Puget Sound Business Journal – March 16, 2021
Gov. Jay Inslee and Superintendent Chris Reykdal, responsible for K-12 public education throughout Washington, are personally experiencing the business side of the monster they’ve until now tried to appease — the Washington Education Association (WEA).
The largest representative of public school educators, the WEA is notoriously in lockstep with the Democratic Party, each fueling the other’s agenda.
The symbiotic relationship between Democratic leaders and the state’s biggest teacher union is what has made the current clash so striking. The disagreement regards reopening K-12 schools. At stake is control of state schools — and, over the past several months, teacher unions have called the shots in our government-funded and run K-12 public education system.
In late January, in perhaps the first instance on record of his disagreement with a teacher union position, Inslee stated, “The fear of this is understandable, but it is not backed up by our experience. … Our experience has showed we can operate a school safely.”
Private schools nationwide largely resumed full in-person instruction last fall. Six months of data confirm schools can reopen — all grades, five-days-a-week — while avoiding spreading the virus.
Following a CDC report in mid-February, Inslee reiterated, “schools can safely reopen.” The report revealed “little evidence” of widespread Covid-19 transmission in schools and confirmed that in-person K-12 schools are not a primary driver of community transmission. Additionally, Rochelle Walensky, CDC Director, emphasized that teachers receiving the vaccination is not a prerequisite for reopening schools.
When ignored by union leaders, Inslee began touring in-person classrooms with photographers, trying to sway public opinion. When that too failed to bring union leaders around, Inslee followed President Biden’s example, pushing teachers up in priority for receiving the vaccine.
Still unswayed, the Seattle Education Association (SEA), not only voted to keep schools closed, but union leaders accused district leadership of utilizing bullying tactics.
For months, teacher unions have touted safety concerns as the reason campuses can’t reopen, which has resulted in Washington ranking 45th for providing in-person instruction according to Burbio data, despite Washington placing fifth nationwide for the lowest rate of coronavirus cases. Seattle has the lowest Covid-19 hospitalization rate of any major U.S. city.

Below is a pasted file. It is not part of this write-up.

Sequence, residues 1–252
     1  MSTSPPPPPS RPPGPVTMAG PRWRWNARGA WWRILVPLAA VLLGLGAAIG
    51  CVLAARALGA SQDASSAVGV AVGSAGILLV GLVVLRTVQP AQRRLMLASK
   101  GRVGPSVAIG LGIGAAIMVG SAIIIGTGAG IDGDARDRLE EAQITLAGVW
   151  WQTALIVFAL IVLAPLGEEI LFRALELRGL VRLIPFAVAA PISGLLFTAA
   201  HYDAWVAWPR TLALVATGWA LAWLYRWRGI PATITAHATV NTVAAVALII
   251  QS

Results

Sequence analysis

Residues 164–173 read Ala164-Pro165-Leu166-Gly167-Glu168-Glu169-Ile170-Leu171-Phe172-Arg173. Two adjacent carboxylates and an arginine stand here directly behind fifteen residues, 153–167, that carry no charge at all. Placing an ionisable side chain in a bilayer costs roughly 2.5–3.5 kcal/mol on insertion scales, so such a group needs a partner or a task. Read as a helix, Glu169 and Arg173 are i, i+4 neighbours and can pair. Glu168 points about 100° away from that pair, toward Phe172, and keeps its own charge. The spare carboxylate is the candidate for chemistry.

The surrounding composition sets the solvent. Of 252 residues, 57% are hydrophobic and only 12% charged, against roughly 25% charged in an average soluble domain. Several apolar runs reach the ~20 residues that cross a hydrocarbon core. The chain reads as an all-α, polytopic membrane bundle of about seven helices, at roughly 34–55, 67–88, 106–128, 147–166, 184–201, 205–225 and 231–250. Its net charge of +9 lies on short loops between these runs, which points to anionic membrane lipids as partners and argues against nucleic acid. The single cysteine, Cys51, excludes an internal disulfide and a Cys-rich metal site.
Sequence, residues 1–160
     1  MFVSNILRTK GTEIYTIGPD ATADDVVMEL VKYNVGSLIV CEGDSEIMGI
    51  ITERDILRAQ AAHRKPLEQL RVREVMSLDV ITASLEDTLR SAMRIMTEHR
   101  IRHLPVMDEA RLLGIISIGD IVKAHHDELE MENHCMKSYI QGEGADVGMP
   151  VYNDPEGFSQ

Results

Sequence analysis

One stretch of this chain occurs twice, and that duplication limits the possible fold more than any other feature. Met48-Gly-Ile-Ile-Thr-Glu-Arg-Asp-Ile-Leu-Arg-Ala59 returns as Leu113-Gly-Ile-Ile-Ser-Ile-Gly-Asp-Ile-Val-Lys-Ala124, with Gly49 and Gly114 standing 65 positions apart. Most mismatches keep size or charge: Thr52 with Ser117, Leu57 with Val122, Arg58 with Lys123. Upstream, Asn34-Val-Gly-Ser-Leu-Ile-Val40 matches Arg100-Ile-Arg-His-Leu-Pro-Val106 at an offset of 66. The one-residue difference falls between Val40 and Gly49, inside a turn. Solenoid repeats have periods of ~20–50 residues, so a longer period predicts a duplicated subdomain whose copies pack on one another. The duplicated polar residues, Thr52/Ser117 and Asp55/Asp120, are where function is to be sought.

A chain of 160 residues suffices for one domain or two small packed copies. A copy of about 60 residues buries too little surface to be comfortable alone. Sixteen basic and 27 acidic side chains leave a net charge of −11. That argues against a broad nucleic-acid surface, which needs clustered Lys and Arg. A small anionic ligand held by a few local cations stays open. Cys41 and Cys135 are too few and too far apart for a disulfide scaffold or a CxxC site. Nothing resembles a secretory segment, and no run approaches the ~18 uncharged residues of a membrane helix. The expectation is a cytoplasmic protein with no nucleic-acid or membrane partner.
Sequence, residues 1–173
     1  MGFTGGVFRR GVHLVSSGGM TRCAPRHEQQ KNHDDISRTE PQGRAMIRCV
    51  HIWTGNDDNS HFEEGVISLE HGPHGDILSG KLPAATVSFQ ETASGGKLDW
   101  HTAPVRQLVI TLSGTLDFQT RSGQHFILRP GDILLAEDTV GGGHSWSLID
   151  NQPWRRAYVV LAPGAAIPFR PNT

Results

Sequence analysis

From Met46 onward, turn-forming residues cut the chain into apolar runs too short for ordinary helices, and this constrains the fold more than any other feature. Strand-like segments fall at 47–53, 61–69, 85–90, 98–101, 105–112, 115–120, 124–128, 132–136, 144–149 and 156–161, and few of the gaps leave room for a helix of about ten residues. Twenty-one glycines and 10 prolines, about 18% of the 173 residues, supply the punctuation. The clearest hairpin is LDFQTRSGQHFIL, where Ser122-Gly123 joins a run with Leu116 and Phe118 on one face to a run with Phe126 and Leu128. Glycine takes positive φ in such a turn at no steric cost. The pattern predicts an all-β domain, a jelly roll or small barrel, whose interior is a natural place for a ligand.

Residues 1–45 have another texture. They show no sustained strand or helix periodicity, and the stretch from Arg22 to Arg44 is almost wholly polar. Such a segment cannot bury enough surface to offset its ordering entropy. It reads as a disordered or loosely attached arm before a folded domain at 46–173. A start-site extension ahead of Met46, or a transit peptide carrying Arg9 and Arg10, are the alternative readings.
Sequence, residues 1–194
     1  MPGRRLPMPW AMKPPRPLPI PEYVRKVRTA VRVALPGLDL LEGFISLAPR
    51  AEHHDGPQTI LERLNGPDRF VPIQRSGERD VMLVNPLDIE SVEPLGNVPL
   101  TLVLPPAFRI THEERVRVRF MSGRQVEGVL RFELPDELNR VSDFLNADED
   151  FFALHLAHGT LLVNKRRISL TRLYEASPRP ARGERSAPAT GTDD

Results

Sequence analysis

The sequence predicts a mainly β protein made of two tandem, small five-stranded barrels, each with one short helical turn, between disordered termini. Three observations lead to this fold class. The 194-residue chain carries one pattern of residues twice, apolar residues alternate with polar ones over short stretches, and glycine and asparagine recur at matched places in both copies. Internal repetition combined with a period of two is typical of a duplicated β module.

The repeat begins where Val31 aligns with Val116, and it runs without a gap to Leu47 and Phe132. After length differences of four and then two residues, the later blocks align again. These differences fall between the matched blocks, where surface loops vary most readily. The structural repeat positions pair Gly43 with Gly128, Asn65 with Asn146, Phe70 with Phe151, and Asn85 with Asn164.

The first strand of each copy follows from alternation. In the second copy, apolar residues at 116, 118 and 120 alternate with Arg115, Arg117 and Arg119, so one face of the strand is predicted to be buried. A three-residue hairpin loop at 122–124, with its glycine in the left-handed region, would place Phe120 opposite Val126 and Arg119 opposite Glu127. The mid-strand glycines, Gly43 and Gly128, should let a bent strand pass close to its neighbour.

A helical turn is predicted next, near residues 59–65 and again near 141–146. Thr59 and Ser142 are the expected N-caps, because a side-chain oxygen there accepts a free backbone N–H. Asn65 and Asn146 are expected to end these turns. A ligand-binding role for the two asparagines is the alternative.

Inslee, like Biden, continues to pump extensive Covid-19 relief money into the K-12 education system. However, just as with teachers being expedited to the front of the vaccine line, the financial provisions so far have not required schools to reopen. On it goes while working parents, generally far lower on the vaccination list, are left paying high state and local taxes for education their children are not adequately receiving.
Across the state, unions have refused to reopen schools to the detriment of students, driven by a desire for dominance and getting demands met rather than any justified safety concerns.
On March 12, Inslee took significant action, announcing an emergency proclamation prohibiting K-12 schools from refusing on-site instruction. The order requires all K-12 schools statewide to offer the option of at least 30% of pre-pandemic on-site instruction hours per week to students by April 5 for K-6 and April 19 for all K-12.
WEA President Larry Delaney’s same-day retort signals coming defiance. “The governor’s announcement assumes that districts have the ability to provide safe teaching and learning. Some districts are not yet prepared to safely welcome students back to buildings.”
Further response over the coming days and weeks by the WEA, SEA, and other districts’ unions will be telling. Support from the public, which in Washington has historically been pro-union, may wane if teacher unions continue to defy not only parents but now their elected Democratic leaders.
Unions leaders love to talk about protecting students and championing student equity. Yet, their self-absorbed holdout has not only hurt the children (and parents) of our state but severely exacerbated the achievement gap among socioeconomic and ethnic groups.
No matter whether Inslee or the teacher unions ultimately win the power politics battle, Washington’s children have brutally lost.